In other words, internet usage tends to be heaviest at certain points of the day, and installing caps or throttling supposedly heavy users does nothing to relieve that congestion. Instead, it punishes users across the board by hitting some of them with additional fees and offering very little in the way of improving connection or speed for the rest of the users online during these “traffic jams.”

Felten concludes that ISPs themselves need to better understand the difference between data usage and bandwidth consumption, or face driving their customers to more reasonable competitors. That’s assuming consumers have a choice, given caps exist in many markets largely due to no competition.

That’s the real problem. For many people, there are few options. And most of the ISPs are more than happy to install caps and overage fees, especially if someone in the market is already doing just that. Bode also notes the adversarial relationship with their customers that the ISPs are creating through the usage of terms like “bandwidth hog” or “disruptive user.” Rather than look into improving infrastructure, they’d much rather vilify certain paying customers in order to deflect attention away from their service limitations.

Karl Bode expands on this:

It would also be naive to assume many of the larger ISPs — stocked with number crunchers and network analysts — don’t already know everything Felten stated. However, there’s a reason that ISPs don’t like bandying real, raw data about — and it’s because there’s a few large carriers that like to use bogus science to justify anti-consumer behavior, most recently with AT&T’s announcement of caps and overages for DSL and U-Verse users. When asked to prove that these caps and overages were necessary, AT&T couldn’t — something ignored by general tech press coverage of the move.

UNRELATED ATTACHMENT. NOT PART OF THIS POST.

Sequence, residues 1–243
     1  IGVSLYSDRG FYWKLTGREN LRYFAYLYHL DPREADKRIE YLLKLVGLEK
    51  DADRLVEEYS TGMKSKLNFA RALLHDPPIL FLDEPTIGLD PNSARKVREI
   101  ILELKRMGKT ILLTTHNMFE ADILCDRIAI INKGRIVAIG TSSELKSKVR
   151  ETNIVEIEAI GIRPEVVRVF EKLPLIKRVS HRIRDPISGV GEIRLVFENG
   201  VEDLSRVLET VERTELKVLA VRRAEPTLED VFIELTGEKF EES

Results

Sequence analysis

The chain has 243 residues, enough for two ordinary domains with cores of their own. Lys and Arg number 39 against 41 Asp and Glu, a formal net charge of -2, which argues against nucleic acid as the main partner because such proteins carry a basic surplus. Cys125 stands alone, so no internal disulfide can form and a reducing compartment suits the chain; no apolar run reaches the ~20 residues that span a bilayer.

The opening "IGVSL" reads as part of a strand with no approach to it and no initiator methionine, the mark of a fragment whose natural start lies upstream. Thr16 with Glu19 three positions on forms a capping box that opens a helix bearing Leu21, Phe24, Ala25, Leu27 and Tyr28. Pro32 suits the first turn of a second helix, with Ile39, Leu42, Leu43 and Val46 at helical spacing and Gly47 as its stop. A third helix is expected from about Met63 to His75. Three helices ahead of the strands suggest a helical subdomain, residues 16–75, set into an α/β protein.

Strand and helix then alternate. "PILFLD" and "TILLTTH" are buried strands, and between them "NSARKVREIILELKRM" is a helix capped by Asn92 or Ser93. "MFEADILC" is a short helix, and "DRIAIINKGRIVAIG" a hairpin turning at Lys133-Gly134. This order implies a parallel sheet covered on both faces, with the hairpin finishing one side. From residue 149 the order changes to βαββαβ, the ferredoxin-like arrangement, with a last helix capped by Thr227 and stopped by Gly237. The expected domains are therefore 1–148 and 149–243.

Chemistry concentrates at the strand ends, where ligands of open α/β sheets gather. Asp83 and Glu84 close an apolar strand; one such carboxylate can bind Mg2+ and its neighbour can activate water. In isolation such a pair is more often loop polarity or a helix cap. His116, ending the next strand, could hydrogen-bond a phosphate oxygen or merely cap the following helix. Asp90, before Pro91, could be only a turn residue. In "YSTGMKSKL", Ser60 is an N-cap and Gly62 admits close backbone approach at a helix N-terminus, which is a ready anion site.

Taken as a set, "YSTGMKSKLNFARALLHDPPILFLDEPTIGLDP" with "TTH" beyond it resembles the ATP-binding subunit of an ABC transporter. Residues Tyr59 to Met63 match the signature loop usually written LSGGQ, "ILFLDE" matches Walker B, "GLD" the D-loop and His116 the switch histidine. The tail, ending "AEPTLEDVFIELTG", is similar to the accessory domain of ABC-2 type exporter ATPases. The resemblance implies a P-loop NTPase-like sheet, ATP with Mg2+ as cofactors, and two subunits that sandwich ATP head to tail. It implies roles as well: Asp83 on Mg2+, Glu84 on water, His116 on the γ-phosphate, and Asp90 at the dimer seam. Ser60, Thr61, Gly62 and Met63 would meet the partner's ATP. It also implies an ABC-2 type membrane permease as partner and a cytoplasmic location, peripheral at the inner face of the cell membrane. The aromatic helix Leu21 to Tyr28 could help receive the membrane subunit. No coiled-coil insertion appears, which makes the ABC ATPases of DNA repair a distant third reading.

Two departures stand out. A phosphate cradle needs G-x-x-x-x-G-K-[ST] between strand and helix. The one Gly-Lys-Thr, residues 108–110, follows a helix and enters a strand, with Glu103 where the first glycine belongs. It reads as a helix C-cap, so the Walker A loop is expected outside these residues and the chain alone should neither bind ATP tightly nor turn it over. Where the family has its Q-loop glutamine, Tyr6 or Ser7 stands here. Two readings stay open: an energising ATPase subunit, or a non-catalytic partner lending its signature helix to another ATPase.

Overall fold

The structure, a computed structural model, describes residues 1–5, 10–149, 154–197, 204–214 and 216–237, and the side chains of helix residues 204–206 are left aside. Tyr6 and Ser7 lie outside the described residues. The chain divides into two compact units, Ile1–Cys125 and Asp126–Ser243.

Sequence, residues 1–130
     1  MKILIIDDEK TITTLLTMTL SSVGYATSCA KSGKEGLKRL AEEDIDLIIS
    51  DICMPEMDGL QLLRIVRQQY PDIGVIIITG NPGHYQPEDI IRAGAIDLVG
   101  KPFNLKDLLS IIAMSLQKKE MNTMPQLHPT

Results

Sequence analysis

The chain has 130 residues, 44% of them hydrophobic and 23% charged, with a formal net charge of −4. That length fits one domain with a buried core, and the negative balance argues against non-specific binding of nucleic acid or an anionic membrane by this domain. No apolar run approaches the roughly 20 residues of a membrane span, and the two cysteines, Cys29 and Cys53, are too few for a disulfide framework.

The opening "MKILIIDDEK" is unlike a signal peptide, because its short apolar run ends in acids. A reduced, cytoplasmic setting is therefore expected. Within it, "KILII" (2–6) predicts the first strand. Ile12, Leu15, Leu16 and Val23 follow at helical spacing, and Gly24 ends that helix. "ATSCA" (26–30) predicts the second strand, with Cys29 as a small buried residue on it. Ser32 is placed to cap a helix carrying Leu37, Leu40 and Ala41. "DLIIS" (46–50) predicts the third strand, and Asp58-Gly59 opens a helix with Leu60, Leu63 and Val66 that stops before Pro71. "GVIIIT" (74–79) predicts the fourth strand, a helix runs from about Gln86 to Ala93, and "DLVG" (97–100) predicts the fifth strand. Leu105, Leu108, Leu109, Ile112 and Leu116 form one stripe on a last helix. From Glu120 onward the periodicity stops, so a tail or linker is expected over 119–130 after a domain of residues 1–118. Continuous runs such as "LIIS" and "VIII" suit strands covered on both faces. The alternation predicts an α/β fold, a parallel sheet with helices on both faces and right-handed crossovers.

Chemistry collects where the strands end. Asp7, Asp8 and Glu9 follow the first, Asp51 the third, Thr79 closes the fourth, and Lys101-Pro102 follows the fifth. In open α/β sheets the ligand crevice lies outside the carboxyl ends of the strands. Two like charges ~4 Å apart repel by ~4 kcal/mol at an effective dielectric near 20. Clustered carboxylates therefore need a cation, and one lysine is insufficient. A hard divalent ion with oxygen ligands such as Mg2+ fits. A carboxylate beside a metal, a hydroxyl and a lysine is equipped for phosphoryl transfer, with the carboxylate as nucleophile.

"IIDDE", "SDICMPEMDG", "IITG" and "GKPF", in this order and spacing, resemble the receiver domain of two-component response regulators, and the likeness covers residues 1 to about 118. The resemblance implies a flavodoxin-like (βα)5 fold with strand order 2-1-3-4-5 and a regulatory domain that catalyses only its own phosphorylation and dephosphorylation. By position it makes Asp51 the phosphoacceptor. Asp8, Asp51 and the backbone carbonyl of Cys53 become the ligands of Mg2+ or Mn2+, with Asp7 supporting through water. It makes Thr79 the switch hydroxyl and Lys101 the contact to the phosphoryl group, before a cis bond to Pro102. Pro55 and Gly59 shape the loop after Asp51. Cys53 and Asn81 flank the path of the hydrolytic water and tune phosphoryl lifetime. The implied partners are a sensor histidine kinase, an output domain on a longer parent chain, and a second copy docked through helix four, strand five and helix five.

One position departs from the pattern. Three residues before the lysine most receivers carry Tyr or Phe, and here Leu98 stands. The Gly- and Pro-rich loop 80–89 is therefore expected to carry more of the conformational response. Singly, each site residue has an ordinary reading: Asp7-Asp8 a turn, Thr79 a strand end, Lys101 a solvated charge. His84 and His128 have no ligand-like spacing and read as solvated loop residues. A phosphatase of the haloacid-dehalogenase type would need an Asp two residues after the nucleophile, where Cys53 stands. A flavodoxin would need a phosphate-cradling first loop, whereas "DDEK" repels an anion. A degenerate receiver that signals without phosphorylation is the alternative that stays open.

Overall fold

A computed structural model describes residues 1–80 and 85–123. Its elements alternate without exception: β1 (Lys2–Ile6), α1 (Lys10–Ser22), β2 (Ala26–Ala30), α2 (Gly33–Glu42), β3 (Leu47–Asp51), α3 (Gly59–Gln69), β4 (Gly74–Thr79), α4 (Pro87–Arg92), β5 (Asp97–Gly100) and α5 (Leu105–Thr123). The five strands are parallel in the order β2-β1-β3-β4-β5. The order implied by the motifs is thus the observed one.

As we’ve noted repeatedly, most carriers impose caps and overages claiming it’s due to either network congestion or financial necessity. In realty, caps and overages are implemented by carriers that simply want to jack up the cost of bandwidth so they can protect TV revenues from Internet video by making Internet video more costly and less appealing. The financial “necessity” of moving away from the flat-rate pricing model is proven false quarterly by earnings reports.

While it’s nice to finally have some data on hand to debunk the “bandwidth hog” myth, most ISPs will be able to dismiss it as not being representative of their customers’ usage patterns. After all, they’re still refusing to provide any data to back up their claims. In areas without competition, this myth will still be used as a scapegoat for everything from hard caps to lousy connections.

Filed Under: , ,

Rate this comment as insightful
Rate this comment as funny
You have rated this comment as insightful
You have rated this comment as funny
Flag this comment as abusive/trolling/spam
You have flagged this comment
The first word has already been claimed
The last word has already been claimed
Insightful Lightbulb icon Funny Laughing icon Abusive/trolling/spam Flag icon Insightful badge Lightbulb icon Funny badge Laughing icon Comments icon